“Then he let out a belly laugh and I knew he was the one because if he was ready to joke about something that heavy, then he not only understood the gravity of it but he also had a sense of humor about it, and I think that’s how I was ready to approach it too.”

False River highlights the musical cliff that Masse and Duhon jumped off together, offering up more than just another songwriter record out of Nashville. Blending Duhon’s buttery vocals and Delta blues sensibilities with Masse’s eclectic musical proclivities, the record is a fresh take on the timeless experience of losing love and finding yourself.

It’s a new chapter for Duhon, not only as a songwriter but also as a human searching for all those human things like love and belonging, roots and family. He’s spent the past two years on the road touring, and he’s unlikely to stop doing that any time soon, but he is wondering what’s next.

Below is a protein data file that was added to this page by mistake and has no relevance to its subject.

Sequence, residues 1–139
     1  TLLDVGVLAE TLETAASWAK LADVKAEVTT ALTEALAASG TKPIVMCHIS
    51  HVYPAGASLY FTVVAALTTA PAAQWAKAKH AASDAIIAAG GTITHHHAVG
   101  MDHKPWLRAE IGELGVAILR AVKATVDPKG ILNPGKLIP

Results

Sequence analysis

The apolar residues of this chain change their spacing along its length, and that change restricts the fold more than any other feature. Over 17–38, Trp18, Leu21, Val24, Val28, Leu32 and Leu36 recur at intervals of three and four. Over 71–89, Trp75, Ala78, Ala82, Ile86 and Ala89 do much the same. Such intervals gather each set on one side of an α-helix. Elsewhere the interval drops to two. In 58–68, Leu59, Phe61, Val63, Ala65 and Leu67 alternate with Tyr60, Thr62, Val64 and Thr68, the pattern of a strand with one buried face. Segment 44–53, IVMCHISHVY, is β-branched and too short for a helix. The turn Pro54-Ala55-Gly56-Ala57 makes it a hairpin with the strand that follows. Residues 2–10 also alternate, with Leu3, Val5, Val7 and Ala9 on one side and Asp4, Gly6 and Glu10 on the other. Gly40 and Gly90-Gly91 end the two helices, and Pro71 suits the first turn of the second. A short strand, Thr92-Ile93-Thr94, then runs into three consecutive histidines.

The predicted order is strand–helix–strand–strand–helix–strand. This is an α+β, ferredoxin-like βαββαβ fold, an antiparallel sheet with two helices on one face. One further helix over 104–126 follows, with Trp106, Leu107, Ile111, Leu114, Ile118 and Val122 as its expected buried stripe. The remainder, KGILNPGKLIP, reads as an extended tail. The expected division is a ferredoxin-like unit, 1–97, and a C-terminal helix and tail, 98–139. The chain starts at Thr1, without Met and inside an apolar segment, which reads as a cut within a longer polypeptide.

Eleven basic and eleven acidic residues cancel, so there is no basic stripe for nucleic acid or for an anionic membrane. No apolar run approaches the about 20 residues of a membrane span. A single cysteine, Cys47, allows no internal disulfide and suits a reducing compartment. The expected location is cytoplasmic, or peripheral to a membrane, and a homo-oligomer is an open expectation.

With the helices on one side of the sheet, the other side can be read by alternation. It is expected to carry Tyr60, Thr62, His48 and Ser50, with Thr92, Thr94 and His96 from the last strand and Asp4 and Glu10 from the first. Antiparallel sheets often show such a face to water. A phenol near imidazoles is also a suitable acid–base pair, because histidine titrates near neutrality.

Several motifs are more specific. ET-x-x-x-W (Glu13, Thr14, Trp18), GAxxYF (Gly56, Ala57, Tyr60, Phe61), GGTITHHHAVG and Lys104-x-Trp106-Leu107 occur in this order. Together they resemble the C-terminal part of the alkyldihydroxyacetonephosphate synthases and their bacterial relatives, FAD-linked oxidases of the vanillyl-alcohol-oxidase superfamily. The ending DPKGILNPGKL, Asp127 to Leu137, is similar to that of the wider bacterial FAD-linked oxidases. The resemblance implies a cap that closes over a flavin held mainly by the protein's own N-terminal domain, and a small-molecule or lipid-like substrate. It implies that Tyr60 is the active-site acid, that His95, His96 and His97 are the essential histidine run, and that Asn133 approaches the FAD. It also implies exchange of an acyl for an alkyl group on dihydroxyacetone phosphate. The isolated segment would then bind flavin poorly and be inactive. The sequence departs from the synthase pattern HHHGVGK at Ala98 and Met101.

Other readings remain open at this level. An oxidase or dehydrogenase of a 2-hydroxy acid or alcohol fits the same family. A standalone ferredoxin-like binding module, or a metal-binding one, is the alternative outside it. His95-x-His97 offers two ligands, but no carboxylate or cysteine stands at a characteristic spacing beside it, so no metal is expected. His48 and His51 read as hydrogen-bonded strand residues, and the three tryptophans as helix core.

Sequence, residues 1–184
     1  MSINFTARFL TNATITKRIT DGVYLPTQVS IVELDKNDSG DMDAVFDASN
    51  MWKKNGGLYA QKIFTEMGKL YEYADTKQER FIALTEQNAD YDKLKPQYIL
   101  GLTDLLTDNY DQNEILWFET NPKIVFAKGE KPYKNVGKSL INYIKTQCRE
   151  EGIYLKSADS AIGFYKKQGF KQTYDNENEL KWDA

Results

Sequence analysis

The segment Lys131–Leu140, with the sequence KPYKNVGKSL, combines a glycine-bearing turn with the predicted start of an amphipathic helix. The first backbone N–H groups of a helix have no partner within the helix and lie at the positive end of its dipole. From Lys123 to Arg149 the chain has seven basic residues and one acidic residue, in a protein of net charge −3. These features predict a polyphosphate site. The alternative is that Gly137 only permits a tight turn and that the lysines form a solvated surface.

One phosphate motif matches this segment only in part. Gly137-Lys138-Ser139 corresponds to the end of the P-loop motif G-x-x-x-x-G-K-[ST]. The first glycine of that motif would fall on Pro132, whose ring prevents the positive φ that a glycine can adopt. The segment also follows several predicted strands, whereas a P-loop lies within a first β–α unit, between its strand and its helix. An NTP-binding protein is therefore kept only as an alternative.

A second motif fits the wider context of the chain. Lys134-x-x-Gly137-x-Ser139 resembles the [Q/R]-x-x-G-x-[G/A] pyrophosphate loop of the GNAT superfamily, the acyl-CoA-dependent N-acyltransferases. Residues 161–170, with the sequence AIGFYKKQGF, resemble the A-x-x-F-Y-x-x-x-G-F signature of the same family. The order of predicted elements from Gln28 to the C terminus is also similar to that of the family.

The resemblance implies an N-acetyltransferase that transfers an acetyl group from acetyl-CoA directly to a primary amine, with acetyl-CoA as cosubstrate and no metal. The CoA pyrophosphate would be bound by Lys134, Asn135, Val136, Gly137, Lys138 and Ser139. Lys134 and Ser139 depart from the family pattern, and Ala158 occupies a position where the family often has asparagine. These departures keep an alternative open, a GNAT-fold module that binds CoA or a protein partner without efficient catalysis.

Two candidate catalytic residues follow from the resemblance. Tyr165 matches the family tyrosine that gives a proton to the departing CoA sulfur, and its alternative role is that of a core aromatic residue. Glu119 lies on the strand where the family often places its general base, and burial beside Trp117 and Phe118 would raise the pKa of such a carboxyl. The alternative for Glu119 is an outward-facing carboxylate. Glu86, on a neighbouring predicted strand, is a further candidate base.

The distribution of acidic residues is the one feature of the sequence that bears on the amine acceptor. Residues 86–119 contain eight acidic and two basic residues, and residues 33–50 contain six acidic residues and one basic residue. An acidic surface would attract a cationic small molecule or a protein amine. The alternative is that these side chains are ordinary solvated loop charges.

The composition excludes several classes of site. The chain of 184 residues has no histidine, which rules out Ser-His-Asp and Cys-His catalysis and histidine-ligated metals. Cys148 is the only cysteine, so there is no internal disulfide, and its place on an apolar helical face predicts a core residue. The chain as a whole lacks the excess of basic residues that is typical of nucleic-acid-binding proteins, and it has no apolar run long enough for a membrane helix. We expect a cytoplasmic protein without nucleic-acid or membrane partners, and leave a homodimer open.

“In my future I will have a more settled existence where I can grow maybe a half-acre of something, own some land, maybe it will involve some offspring; I don’t know yet,” Duhon admits. “It’s a pretty selfish life to travel and write songs. I love to share what I find and create but in essence I think it’s a pretty selfish way to be. I’d like to balance the insular, creative songwriter guy with a guy who’s a little older, a little grayer, hopefully a little wiser and more patient, perhaps the guy who could impart wisdom and freedom for a kid to live their own life.”  

On the Bill: Andrew Duhon Trio. 7 p.m. Sunday, July 29, Gold Hill Inn, 401 Main St., Boulder. Tickets are $10, goldhillinn.com